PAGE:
In a ruling this morning, US District Court Judge Joseph A. Farnan, Jr., has accepted the findings of the Special Master appointed to oversee the discovery of documents in AMD's antitrust case against Intel, and is ordering Intel to produce documents that may show that company entered into exclusivity agreements with retailers in Germany, the effect of which was to limit AMD's ability to upgrade its fabrication facilities in Texas, thereby hurting US customers.
Last month, Judge Farnan ruled that much of AMD's original case is impossible to prove under current US antitrust law, which restricts actionable conduct to business transactions made here, with the exception of some export arrangements. But on December 15, Special Master Vincent Poppiti found that, as long as AMD intends to proceed with its plans to argue why the remainder of its case is viable, it has the right to ask that the court compel Intel to produce relevant documents that may help it bolster its case, even if the judge throws out the rest of the case later.
As Poppiti wrote, "To prove its export commerce claims, AMD must introduce evidence of exclusionary conduct on the part of Intel that foreclosed opportunities for AMD to sell its American-made microprocessors to foreign customers. Accordingly, the Special Master concludes that the Foreign Conduct Discovery Materials are reasonably calculated to lead to the discovery of exclusionary conduct that would support a foreclosure claim in connection with the sale of American-made x86 microprocessors abroad."
Intel itself may have unwittingly made it possible for AMD to seek these documents, by having been unwilling in prior proceedings to provide evidence that it either has or doesn't have monopoly power, either regionally or globally. As Poppiti noted, Intel's intention is part of its own claim that it's not a monopoly anywhere, but a competitor, thus placing the burden upon AMD to prove that Intel has monopoly power - a statement its own marketing claims refute. If AMD can't prove Intel is a monopoly, it doesn't have a case.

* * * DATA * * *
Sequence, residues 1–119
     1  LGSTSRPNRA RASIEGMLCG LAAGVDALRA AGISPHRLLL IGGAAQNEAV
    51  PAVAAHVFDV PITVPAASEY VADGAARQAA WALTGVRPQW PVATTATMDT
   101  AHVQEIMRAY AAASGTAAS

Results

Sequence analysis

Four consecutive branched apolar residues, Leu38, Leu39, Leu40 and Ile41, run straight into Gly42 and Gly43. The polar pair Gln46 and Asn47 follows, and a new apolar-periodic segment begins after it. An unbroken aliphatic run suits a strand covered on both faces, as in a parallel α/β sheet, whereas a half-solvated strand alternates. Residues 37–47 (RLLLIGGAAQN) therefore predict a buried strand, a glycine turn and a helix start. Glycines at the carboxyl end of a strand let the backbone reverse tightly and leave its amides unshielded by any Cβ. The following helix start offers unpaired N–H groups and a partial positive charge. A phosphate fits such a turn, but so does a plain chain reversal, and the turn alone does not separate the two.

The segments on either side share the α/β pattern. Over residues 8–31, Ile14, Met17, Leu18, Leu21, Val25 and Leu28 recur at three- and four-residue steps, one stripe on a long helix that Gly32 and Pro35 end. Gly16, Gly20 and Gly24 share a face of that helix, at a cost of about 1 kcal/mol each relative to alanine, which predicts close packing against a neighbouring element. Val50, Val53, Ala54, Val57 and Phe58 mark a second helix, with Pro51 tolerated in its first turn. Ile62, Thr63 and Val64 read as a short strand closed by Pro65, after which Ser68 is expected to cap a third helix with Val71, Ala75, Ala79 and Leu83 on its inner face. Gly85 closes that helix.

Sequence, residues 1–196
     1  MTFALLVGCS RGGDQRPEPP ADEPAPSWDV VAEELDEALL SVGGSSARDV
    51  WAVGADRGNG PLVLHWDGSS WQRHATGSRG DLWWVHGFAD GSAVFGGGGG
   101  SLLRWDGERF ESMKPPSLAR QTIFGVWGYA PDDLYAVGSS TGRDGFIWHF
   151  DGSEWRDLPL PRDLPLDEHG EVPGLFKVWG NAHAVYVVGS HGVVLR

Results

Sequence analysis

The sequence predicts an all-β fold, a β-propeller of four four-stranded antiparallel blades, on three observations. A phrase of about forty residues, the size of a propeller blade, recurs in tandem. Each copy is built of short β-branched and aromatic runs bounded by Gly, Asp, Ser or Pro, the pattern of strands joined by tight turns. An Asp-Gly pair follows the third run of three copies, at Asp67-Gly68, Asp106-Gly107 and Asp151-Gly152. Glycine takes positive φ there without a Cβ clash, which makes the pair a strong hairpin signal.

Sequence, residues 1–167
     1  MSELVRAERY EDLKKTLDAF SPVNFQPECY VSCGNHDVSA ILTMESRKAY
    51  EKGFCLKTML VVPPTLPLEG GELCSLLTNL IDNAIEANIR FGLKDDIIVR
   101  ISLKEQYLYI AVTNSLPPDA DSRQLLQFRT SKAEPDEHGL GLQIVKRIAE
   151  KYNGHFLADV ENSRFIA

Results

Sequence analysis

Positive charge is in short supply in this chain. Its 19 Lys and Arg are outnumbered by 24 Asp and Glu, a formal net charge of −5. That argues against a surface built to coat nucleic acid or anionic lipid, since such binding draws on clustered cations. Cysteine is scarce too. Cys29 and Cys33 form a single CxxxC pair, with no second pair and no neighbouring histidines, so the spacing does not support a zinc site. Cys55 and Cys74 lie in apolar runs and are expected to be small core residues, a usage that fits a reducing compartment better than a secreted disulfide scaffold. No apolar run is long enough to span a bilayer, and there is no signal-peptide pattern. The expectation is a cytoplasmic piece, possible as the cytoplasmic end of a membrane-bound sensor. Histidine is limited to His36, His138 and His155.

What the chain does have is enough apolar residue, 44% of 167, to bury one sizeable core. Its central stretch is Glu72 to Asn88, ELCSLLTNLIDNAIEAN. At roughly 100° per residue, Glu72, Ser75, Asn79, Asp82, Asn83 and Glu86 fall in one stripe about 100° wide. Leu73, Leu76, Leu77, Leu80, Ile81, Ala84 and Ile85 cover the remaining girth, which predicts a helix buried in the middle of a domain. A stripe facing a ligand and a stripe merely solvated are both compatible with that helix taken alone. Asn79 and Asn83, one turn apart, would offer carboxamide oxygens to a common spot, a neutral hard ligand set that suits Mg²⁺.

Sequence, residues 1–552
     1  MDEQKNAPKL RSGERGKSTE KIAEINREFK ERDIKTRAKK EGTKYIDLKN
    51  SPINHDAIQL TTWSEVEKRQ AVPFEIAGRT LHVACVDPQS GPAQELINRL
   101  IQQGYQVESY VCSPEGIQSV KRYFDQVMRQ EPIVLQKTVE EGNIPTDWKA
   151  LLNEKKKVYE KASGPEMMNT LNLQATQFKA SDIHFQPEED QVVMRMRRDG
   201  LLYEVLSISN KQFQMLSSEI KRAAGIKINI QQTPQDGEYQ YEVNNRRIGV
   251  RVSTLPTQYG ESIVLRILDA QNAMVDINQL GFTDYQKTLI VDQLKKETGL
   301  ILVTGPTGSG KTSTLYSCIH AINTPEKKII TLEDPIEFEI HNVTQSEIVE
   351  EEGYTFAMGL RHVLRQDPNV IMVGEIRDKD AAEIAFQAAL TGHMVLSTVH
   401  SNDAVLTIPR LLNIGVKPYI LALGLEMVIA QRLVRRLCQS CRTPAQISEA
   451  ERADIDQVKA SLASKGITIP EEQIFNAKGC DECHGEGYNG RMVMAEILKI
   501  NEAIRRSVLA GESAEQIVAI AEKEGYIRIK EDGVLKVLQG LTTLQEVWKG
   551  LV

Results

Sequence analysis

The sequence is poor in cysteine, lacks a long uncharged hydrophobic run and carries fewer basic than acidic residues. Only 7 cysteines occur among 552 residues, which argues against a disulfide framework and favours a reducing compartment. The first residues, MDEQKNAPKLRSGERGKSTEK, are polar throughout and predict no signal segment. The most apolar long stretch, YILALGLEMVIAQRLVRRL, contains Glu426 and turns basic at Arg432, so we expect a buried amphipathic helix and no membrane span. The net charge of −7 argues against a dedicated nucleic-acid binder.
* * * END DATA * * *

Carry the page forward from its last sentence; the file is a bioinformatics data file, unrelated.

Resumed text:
"To prove monopoly power," Poppiti wrote, "AMD must show that Intel has the power to control prices or exclude competition...As Intel is unwilling to stipulate to having monopoly power, AMD is entitled to discover information relevant to Intel's ability to control prices and/or exclude competition." In other words, had Intel not made such a big fuss about it in the first place, the whole issue might have blown over.
Poppiti mentioned the Justice Dept.'s 1999 case against Microsoft, which had apparently been cited in Intel's defense. There, among the many determinations of an appeals court was one that said that actions by one company that negatively impact only one or two competitors, doesn't necessarily imply the exclusionary actions of a monopoly in the market. "Typically, harm to one or more competitors will not suffice," Poppiti wrote. "However, if there is only one other competitor, harm to such competitor may suffice."
To that end, Poppiti noted, AMD could very well be capable of presenting a case for itself alleging Intel's attempt to monopolize, which under federal law, "occurs when a competitor, with a dangerous probability of success, engages in anti-competitive practices the specific design of which are, to build a monopoly or exclude or destroy competition." With that citation of US code, Poppiti may have opened a window for AMD to prove its case without contradicting its own marketing claims.
But that doesn't seem to be the window for which AMD is headed, as "attempting to monopolize" doesn't sound like the tone of comments coming from its counsel today. "This case remains firmly focused on the worldwide misbehavior of a global monopolist," AMD's executive vice president for legal affairs, Thomas McCoy, stated this afternoon. "This ruling also removes any basis for Intel or its foreign customers to withhold evidence of Intel's exclusion, regardless of where it occurred. We will proceed vigorously to prove that Intel abuses its global monopoly power by limiting or excluding competition, which ultimately hurts consumers worldwide."